I tried to read this at ALA and then on zine tour, but my concentrate sucked, and I gave up. I’d pick it up again, but honestly, while the book is full of colorful quotations, it’s chaotic and hard to read. I’ve got enough chaos in my life right now, so I’m not going to force my way through. I do want to share the awesome quotations, though.
Homosexual marriages, p. 4
...I think society has a nerve to say that the church has a monopoly on the license to fuck, that you must lie one on top of the other (which is fairly boring in two senses of the word), and that you must not suck. I don’t know why anyone would want to give anybody else a blow job, but in my opinion it’s not for me or the church or anybody else, to tell people which of these rather unesthetic activities they ought to be involved in.
Sex work, p. 5
Talking about sexual recreation reminds me that a very average prostitute in almost any part of this country can get $100 a night minimum, or if she is fairly well-known she might make as much as $500. A run-of-the-mill file clerk nets about $100 a week, and a run-of-the-mill housewife will get zero a week for filing, fucking, ironing, having the baby, nursing the baby, baby-sitting, and the whole megillah. In my opinion, a government that cannot provide full employment for women who don’t have degrees, and even those who do, has a pretty big ner making the most lucrative occupation a crime.
Blaming the rape victim, p. 8
Clothes are like packages--sometimes they are indicative of the contents: for example, in a rape situation, a jury can be made to believe a woman almost invites rape when she’s wearing tight pants or jeans, whereas a man in an expensive coat doesn't suggest he should be mugged, and wearing a diamond doesn’t mean you are inviting robbery. And women supposedly invite rape by wearing miniskirts. I am sure that nobody in our society is absolutely free of that feeling, but it would not occur to anyone seriously to suggest that a bank invites robbery by having all that money there.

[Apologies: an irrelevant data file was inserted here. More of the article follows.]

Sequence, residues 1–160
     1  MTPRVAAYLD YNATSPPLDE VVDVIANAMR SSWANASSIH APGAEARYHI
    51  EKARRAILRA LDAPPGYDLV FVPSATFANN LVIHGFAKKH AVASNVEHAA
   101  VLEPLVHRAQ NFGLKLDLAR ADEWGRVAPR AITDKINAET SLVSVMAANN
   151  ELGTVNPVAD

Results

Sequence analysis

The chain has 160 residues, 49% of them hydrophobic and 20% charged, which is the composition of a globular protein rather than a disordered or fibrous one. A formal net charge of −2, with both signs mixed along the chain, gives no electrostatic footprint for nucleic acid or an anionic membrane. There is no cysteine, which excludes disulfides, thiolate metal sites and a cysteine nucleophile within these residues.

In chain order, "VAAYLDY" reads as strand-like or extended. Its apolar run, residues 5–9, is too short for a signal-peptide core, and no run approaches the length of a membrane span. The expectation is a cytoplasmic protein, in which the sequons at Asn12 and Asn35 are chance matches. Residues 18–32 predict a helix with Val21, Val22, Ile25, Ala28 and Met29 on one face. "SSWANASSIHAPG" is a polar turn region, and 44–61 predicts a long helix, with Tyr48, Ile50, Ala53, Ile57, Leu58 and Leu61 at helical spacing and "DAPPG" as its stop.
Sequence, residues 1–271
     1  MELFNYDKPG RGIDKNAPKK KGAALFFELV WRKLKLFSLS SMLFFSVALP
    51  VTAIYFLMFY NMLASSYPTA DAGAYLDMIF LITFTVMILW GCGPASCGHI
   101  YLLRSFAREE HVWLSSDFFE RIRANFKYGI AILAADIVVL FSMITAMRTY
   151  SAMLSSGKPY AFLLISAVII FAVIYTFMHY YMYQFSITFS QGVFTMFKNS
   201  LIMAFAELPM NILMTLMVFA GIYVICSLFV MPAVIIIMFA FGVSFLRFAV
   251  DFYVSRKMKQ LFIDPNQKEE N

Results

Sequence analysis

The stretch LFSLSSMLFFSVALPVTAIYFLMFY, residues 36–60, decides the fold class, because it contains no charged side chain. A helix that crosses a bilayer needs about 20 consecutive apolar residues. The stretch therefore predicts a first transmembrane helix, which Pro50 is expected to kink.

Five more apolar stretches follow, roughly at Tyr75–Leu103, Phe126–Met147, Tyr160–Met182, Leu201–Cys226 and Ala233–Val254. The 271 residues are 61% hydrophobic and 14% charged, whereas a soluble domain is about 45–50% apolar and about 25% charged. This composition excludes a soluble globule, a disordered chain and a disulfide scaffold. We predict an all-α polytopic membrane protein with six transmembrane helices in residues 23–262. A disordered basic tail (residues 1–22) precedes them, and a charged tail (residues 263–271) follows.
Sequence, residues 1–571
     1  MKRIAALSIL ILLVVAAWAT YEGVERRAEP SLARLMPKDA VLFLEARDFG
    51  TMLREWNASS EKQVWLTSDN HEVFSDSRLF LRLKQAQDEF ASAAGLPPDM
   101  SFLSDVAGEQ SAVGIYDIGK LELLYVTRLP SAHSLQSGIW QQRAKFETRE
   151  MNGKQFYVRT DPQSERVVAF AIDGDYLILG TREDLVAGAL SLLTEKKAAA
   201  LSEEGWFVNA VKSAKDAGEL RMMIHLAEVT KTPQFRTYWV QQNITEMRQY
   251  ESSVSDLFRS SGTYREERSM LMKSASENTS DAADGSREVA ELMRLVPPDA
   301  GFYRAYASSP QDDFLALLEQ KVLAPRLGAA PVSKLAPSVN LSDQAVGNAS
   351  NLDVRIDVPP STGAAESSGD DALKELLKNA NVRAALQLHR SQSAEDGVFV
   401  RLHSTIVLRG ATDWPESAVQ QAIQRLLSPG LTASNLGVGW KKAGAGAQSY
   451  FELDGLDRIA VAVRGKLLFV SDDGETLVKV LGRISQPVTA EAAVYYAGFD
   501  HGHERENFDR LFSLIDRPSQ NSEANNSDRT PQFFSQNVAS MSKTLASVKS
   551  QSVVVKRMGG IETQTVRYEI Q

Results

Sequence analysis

The testicular approach, p. 11, from the Colorado Daily, v. 24, no. 75
Kennedy deals with the pigocrats by using the “testicular approach.” That was described as the “nice colored lady,” the kind who wears housedresses--not “Kimberly knits”--going to the dentist, and, when he proceeds to carelessly hurt her with the drill, grabbing him by the testicles “just short of enough to make him go down on the floor and die,” and saying “We are not going to hurt each other, are we?”
The Tyranny of the Weak, p. 14
Ten years later we had the phenomenon of Jimmy Carter, the former governor of Georgia, presidential hopeful in 1976, our Bicentennial year, and people like Terry Sanford, the former governor of North Carolina, appealing to the northerners not to freak out over busing. They’re like reformed alcoholics who go out and try to save the other pathological communities from freaking out--”Look, it’s not that bad, we did it. We started the busing, we desegregated the schools, and poor white kids don’t die when Black kids come and sit in the same room with them, and they don’t catch anything. In fact, it’s much more likely that Black kids will catch head lice from the white kids.
On media, p. 14
In September 1971 The New York Times came out with an article, probably based on a handout from Albany, that the guards at Attica had their throats slit by the inmates, and that one of them had been castrated. Later it turned out that this was just not true, and the Times had to back away from this horrendous tale for the simple reason that it never happened. And this sort of thing goes on often enough for people to start being a little skeptical of the Times, and not only those people who challenge the mass media version of events. There must be recognition of media’s role in the Control-of-Niggers Game.
Post-MLK assassination demo, p. 61
Dorothy Pitman Hughes was there, I remember, and when the people next to us were singing “We shall overcome,” Dorothy in her beautiful voice sang instead, “We shall overthrow.”
CATS: One cat, named Walker, that she liked more than dolls, but not the warmest endorsement